The two countries will work together on understanding rare and undiagnosed diseases and cancer, and build stronger academic and institutional links. Working groups could start as early as February 2023.
The program was established by a memorandum of understanding signed by U.K. Health Minister Lord Nick Markham CBE and Thailand’s Minister for Public Health and Deputy Prime Minister HE Anutin Charnvirakul.
“Through our commitment to sharing knowledge, exploring training opportunities and pioneering joint research initiatives we can collaborate to deliver better health outcomes at lower costs,” said Markham.
Charnvirakul said, “This is the first partnership between Thailand’s Ministry of Public Health and the U.K.’s Department of Health and Social Care. It marks an important step for genomics collaboration between the two countries.”
This effort builds on the work of the NHS Genomic Medicine Service, the goals of which include:
- Being the first national healthcare system to offer whole genome sequencing as part of routine care, including for all children with cancer or children who are seriously ill with a likely genetic disorder.
- Increasing access to molecular diagnostics and offer genomic testing routinely to all people with cancer.
- Improving early detection and treatment of high-risk conditions including expanding genomic testing for familial hypocholesterolaemia.
- Linking and correlating genomic data to help provide new treatments, diagnostic approaches and help patients make informed decisions about their care.
The funding incudes £25M of UKRI-MRC funding for a U.K.-wide new initiative on functional genomics, which uses molecular tools such as gene editing to improve understanding of how genetic variation leads to disease and support smarter diagnostics and the discovery of new treatments. This builds on the U.K.’s Life Sciences Vision set out in 2021, which commits to “delivering a world-class offer on functional genomics.”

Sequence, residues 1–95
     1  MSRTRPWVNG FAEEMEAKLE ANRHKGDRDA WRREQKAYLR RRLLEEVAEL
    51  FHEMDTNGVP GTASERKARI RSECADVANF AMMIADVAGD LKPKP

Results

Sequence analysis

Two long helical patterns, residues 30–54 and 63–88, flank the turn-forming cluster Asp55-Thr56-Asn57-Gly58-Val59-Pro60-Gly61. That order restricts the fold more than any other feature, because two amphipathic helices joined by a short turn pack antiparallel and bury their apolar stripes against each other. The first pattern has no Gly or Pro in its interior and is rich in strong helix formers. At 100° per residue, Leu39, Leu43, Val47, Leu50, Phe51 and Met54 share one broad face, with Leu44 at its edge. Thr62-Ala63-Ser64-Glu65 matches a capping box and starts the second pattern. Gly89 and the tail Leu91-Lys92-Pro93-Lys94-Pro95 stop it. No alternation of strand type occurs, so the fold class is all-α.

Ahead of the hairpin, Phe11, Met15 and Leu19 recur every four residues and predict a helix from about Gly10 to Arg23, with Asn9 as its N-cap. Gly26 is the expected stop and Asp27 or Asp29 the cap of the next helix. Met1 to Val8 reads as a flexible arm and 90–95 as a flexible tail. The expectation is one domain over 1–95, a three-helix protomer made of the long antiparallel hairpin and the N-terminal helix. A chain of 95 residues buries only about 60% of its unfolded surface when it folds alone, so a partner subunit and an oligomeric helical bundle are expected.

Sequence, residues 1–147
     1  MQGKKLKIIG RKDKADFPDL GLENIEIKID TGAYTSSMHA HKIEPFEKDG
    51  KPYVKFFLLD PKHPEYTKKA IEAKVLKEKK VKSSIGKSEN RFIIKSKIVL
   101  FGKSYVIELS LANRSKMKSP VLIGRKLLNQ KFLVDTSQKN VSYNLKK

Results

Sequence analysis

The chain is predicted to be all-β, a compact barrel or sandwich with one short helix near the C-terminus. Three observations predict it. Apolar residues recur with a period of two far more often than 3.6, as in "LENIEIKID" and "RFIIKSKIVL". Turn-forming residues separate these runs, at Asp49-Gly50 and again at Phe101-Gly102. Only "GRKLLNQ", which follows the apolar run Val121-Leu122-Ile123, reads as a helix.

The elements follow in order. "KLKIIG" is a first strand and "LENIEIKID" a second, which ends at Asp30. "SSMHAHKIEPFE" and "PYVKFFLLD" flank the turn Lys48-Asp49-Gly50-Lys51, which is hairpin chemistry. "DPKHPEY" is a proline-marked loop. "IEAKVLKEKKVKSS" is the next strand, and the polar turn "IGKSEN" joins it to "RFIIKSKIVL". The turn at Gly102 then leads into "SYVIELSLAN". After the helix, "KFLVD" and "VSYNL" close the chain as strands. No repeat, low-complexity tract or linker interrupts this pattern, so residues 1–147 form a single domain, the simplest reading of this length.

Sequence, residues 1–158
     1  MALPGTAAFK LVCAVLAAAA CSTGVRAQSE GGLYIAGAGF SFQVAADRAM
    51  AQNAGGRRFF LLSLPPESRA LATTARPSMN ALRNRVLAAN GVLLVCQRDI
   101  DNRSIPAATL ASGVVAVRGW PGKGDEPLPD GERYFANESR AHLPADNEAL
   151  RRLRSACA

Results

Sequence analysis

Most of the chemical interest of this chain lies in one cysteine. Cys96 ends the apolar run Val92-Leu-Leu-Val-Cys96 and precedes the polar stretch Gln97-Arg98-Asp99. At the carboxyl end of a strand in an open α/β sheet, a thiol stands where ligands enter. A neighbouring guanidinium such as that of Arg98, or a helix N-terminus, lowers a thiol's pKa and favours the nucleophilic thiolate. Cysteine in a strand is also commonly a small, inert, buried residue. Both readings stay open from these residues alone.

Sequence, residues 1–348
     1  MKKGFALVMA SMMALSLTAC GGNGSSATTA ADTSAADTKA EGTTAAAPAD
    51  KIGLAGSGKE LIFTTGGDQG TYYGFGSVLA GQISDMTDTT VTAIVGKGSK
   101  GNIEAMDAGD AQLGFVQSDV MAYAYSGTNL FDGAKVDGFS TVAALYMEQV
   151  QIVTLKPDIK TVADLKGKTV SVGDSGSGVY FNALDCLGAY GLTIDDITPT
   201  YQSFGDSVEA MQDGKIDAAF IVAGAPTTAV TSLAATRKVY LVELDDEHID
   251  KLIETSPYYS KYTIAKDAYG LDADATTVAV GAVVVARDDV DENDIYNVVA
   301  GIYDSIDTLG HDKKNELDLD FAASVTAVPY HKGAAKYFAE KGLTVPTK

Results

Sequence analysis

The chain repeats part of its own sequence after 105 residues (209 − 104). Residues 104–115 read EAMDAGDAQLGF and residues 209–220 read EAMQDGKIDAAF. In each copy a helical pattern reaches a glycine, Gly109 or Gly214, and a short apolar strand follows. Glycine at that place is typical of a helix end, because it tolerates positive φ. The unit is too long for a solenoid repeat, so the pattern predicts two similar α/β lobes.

The U.K. recently allocated new funding to genomics to ensure a better quality of life for U.K. patients. In December 2022, the country announced a $215M plus investment in genomics to improve diagnosis and treatment. The country’s 100,000 Genomes Project is sequencing 100,000 genomes from around 85,000 NHS patients affected by rare disease or cancer. It has already helped diagnose rare disease in hundreds of children.
That funding is part of a new three-year plan to “develop, evaluate, and roll out new technologies across the health and care system and life sciences sector, bolstering the U.K.’s position as a life sciences superpower,” according to a press release.
Markham added, “Genomics has the power to revolutionize healthcare in the U.K. and across the world, so it is brilliant to be joining hands with Thailand for this exciting partnership. Both countries share the common goal of enhancing our healthcare systems with innovative technology and scientific understanding to reduce inequalities and ultimately save lives.”